Thursday, May 9, 2013

Jante's Law (as described by Seth Godin in The Icarus Deception)

I recently came across "Jante's Law" in Seth Godin's book, The Icarus Deception. These laws were articulated in a book written by Scandinavian author, Askel Sandemose, about the culture of conformity of his hometown. Perhaps these "laws" resonate with you in some way... maybe through your family's unspoken code or the edict of your community when you were growing up. These were hauntingly familiar to me - echoing things that I heard some of the teachers say at the elementary school that my children attended, as well as the attitude that was expressed toward me as a newcomer to a very rural area that my family moved to when I was an adolescent. Some family systems hold these rules in high regard - especially when it comes to those who marry-in. In one community my family was a part of, the word "intellectual" was used as an insult...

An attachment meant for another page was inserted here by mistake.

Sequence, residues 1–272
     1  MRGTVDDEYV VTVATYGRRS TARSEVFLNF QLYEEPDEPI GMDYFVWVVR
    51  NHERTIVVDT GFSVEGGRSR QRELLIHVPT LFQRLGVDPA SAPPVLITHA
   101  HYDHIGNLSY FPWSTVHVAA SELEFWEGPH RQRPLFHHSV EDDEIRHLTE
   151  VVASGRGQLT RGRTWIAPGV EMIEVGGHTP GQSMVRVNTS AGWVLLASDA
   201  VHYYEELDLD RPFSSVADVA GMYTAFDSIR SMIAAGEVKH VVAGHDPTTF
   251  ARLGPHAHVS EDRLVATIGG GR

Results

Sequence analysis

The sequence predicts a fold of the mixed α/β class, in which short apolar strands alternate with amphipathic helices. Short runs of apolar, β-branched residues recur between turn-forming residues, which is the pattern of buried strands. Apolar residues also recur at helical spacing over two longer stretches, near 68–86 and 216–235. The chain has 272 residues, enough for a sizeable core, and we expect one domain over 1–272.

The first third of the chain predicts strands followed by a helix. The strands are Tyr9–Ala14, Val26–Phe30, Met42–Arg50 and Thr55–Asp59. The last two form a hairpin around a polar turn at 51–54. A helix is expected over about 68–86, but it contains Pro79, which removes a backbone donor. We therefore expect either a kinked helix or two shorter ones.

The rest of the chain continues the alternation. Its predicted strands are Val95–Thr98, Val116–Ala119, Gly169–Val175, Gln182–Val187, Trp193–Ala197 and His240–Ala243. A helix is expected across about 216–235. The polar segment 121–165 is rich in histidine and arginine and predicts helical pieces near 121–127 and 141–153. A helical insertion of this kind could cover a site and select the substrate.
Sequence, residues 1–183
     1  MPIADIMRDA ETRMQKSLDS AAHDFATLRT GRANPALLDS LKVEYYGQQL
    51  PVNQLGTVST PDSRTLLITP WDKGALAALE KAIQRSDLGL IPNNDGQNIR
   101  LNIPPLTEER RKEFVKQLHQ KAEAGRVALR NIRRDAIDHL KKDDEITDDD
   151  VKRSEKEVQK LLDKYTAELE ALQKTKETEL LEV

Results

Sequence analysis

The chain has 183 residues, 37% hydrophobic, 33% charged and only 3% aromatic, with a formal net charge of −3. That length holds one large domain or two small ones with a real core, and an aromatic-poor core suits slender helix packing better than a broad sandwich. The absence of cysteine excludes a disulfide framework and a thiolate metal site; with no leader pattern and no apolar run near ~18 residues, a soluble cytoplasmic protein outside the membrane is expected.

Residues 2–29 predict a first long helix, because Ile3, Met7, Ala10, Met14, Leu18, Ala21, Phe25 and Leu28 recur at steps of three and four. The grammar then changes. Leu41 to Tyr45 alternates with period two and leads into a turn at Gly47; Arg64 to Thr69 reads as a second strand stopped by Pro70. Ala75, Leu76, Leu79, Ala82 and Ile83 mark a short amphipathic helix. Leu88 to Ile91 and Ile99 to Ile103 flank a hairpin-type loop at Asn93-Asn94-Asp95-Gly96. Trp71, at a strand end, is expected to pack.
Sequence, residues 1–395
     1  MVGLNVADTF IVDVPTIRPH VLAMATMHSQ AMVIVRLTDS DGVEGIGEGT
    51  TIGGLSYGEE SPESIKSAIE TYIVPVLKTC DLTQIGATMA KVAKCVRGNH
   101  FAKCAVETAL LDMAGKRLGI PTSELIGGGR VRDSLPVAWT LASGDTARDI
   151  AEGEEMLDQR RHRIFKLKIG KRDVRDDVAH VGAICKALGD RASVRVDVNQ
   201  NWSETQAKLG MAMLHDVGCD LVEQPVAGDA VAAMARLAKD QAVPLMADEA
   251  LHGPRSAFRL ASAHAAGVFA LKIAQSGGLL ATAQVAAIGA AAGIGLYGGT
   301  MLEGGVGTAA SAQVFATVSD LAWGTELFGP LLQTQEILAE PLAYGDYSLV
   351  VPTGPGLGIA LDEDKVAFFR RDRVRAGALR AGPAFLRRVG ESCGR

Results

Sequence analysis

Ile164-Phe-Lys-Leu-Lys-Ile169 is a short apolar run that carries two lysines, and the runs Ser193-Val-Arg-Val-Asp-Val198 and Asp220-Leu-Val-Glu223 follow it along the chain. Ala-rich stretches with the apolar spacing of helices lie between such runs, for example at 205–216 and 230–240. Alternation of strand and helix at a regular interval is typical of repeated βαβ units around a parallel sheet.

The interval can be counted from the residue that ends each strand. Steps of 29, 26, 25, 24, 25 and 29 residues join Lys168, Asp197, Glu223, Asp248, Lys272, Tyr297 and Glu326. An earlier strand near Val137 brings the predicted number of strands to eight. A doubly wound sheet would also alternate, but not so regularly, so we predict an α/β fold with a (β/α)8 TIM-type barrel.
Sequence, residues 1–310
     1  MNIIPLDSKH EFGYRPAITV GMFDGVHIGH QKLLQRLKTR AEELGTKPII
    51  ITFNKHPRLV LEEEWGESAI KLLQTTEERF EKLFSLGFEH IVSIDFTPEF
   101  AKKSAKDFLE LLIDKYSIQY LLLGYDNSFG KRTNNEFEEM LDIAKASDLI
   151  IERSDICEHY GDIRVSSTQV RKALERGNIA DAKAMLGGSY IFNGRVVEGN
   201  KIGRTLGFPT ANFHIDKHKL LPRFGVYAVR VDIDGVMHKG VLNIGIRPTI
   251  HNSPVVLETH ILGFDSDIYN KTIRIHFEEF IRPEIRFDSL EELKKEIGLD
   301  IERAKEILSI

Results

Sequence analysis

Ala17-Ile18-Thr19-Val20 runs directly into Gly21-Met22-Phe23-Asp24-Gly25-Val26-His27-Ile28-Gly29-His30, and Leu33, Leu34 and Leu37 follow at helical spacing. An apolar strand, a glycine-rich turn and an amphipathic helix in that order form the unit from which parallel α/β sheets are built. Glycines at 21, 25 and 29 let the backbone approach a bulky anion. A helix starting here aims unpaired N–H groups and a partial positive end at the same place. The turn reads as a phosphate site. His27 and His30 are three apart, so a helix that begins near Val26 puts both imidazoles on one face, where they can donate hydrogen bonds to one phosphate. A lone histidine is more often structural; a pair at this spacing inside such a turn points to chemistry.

According to Seth Godin, these rules are stilled acted on and taught in many cultures and schools today.

Jante's Law:

Don't think you're anything special.
Don't think you're as good as we are.
Don't think you're smarter than we are.
Don't convince yourself that you're better than we are.
Don't think you know more than we do.
Don't think you are more important than we are.
Don't think you are good at anything.
Don't laugh at us.
Don't think anyone cares about you.
Don't think you can teach us anything.

"And the bonus rule," according to Godin, "which brings shame and vulnerability to the forefront:"
Don't think that there aren't a few things we know about you.

Godin goes on to explain that this "indoctrination" insures that the freedom of creativity will be squelched in those who adhere. How sad.

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